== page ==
My sympathy in this debate lies fully with Rambam, but I should mention a solid argument advanced by Hazon Ish. He points out that the gemara (Bava Kama 85a) needs the scriptural phrase Ve’rapo yerapei (“He shall certainly cure,” Shemot 21:19) to allow the doctor to cure. No parallel gemara requires a source to allow the hungry person to take steps to alleviate his hunger. Apparently, Hazon Ish argues, healing involves more religious questions than preparing food. Of course, the Rambam might counter that it was only a theoretical possibility that healing might be problematic; once we have the derivation, we discover that seeking remedies does not truly differ from seeking food. On a theological plane, Rambam clearly sees no distinction between hunger and sickness; illness may be less frequent than hunger, but it is very much a part of the natural order. God set up that order for us to function within as we utilize the best of our human resources.

These two approaches reflect broad differences in religious understanding. I shall paint the two perspectives in broad strokes that will admittedly leave out some nuances. One approach denies or minimizes the natural order, tending to see all difficulties as divine punishments and playing down the significance of human initiative within the natural order; the other approach maximizes the natural order, viewing many difficulties as the normal functioning of nature and granting great value to human naturalistic efforts to alleviate those difficulties. (See David Shatz’s fine article in the Torah u’Madda Journal, vol. 3, for a discussion of these issues.)

Rav Yosef Dov Soloveitchik firmly identifies with Rambam on this issue. He sees human scientific efforts in general, and the realm of medicine in particular, as the fulfillment of a religious duty:

To live, and to defy death, is a sublime moral achievement. That is why Judaism has displayed so much sympathy for scientific medicine and commanded the sick person to seek medical help. Curing, healing the sick is a divine attribute reflecting an activity (rofe holim) in which man ought to engage.” (“Majesty and Humility,” p. 34)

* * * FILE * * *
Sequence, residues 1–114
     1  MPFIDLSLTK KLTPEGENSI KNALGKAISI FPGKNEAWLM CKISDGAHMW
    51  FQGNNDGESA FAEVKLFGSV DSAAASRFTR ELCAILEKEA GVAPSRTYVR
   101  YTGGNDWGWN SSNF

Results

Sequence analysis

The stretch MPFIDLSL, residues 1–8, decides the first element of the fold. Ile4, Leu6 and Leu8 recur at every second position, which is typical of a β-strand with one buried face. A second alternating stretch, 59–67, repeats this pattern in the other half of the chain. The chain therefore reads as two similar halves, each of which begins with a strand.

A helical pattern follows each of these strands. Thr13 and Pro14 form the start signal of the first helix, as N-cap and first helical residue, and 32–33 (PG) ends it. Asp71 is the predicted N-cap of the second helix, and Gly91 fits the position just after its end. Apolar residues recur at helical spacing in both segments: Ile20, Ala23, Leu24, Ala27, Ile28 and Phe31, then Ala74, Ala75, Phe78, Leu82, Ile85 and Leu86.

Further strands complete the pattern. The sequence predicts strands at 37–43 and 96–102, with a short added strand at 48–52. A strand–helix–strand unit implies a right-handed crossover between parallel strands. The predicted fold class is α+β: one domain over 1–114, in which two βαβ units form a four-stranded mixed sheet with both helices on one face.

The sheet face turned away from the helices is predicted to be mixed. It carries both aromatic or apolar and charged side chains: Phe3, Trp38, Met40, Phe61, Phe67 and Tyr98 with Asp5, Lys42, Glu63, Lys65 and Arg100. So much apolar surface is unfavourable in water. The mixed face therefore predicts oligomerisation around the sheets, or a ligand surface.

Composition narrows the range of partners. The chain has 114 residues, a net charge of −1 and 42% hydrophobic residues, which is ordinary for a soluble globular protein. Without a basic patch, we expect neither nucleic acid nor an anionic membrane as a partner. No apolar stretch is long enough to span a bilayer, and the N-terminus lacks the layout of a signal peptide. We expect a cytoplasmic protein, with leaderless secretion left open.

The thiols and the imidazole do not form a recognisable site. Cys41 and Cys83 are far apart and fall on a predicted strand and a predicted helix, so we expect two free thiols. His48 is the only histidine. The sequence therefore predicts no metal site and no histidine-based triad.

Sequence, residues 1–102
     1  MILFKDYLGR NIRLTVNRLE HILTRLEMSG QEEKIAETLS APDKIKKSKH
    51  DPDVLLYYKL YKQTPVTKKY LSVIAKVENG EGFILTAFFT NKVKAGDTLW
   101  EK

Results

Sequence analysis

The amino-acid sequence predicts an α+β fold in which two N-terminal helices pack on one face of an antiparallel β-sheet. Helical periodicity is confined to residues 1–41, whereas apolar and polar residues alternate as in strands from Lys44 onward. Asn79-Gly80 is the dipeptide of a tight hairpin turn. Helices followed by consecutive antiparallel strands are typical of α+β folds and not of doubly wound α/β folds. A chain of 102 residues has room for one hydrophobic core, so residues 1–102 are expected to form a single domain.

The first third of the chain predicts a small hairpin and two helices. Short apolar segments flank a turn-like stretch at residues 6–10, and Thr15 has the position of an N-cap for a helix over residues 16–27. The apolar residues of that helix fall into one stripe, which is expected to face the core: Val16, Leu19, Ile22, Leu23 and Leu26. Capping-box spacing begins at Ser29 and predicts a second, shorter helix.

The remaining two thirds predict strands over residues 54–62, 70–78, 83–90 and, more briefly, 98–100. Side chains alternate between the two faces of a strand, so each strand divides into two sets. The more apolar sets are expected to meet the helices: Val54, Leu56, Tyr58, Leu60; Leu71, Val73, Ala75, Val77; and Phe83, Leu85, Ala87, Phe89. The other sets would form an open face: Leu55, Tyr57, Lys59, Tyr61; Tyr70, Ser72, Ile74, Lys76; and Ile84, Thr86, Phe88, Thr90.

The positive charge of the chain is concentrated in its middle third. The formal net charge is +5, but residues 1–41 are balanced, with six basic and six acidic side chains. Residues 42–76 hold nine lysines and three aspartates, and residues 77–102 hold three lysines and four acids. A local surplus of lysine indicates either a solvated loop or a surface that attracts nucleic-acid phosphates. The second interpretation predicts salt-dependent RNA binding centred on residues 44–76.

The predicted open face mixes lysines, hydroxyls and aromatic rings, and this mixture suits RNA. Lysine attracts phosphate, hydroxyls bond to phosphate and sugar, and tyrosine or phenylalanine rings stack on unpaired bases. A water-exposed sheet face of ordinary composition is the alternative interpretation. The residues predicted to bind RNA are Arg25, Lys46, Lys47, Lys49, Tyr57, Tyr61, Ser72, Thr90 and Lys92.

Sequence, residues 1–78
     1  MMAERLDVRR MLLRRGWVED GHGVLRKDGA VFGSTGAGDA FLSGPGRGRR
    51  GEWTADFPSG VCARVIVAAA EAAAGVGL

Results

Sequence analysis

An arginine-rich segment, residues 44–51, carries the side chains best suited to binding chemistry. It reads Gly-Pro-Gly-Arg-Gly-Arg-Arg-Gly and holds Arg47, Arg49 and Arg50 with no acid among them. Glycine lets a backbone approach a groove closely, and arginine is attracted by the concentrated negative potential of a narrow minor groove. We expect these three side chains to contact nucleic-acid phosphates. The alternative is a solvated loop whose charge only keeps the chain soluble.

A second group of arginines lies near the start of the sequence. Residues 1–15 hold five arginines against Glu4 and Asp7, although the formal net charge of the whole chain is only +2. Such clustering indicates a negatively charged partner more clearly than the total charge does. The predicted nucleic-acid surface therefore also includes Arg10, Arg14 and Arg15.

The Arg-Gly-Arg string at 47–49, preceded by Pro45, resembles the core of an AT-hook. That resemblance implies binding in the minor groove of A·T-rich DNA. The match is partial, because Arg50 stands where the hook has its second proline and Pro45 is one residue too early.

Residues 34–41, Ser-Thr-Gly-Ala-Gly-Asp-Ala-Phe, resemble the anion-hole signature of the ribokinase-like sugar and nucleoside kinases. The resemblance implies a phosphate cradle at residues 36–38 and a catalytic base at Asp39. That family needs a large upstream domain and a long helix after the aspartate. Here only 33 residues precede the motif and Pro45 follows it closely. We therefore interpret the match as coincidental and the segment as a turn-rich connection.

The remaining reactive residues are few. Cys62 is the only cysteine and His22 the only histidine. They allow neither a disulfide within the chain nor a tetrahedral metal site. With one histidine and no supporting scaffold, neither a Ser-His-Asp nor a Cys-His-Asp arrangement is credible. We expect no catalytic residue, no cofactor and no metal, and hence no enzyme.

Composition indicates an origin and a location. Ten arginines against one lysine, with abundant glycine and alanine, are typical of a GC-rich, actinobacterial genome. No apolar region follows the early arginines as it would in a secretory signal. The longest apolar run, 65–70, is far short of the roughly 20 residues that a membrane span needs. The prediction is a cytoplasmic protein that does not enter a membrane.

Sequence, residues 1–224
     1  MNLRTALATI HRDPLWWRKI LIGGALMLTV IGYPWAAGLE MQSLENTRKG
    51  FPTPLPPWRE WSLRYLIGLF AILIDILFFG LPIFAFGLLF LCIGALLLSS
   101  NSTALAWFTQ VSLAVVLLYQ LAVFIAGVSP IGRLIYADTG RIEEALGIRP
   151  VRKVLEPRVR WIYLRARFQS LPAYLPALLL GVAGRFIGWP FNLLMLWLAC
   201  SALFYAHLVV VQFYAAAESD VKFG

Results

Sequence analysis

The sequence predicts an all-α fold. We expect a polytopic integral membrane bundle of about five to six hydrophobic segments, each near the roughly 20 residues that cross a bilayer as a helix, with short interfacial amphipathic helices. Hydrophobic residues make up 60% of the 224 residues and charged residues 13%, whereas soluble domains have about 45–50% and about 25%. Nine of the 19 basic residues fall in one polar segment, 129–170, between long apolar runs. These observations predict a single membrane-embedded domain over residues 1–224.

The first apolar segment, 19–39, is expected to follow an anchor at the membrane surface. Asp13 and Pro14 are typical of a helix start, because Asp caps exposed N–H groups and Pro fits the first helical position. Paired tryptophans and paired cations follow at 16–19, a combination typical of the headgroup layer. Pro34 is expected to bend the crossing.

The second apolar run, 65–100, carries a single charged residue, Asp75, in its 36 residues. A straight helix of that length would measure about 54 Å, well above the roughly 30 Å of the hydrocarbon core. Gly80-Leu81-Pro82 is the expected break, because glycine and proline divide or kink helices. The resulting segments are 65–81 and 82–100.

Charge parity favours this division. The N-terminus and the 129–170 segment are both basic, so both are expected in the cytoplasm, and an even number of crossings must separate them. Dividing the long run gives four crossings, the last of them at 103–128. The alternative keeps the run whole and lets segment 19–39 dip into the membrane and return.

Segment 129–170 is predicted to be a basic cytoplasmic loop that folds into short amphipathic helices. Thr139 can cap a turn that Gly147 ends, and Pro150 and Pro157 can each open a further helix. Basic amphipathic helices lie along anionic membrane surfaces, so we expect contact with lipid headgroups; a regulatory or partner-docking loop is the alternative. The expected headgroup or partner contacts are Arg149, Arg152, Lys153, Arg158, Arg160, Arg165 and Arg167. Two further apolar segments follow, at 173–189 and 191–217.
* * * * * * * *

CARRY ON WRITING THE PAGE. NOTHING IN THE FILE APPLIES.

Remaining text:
R. Yisrael Lipshutz also strongly endorses human science and medicine. In his commentary on the Mishna (Tiferet Yisrael ), he discusses, in the eighth chapter of Yoma, how to treat both scurvy and rabid dog bites. The same attitude is reflected in his commentary on the source about Hizkiyahu (Pesahim 4:10). R. Lifshitz assumes an interpretation similar to the Rambam’s first explanation. He suggests that the Book of Cures discussed amulets with images and constellations, but he does not think that using such a book, in and of itself, constitutes idolatry. Therefore, when people were led to idolatry by the book, Hizkiyahu hid it but did not destroy it (as he destroyed the Copper Snake). This enabled people to use the Book of Cures in times of real danger. Apparently, even a work that might lead to idolatry must be preserved if it can heal serious human illness.

We see that religious people who believe in the stability of the natural order and endorse human initiative within that order must be careful not to set up a theology that removes God’s providence from the world. We must achieve a certain balance between the human and the divine. Religious ideals should not inhibit human efforts to alleviate human suffering; on the contrary, they should inspire such efforts. Still, at the same time, that effort must be seen as part of the scheme of divine providence.

Adapted from Fresh Fruit & Vintage Wine: The Ethics and Wisdom of the Aggadah by Rabbi Yitzchak Blau.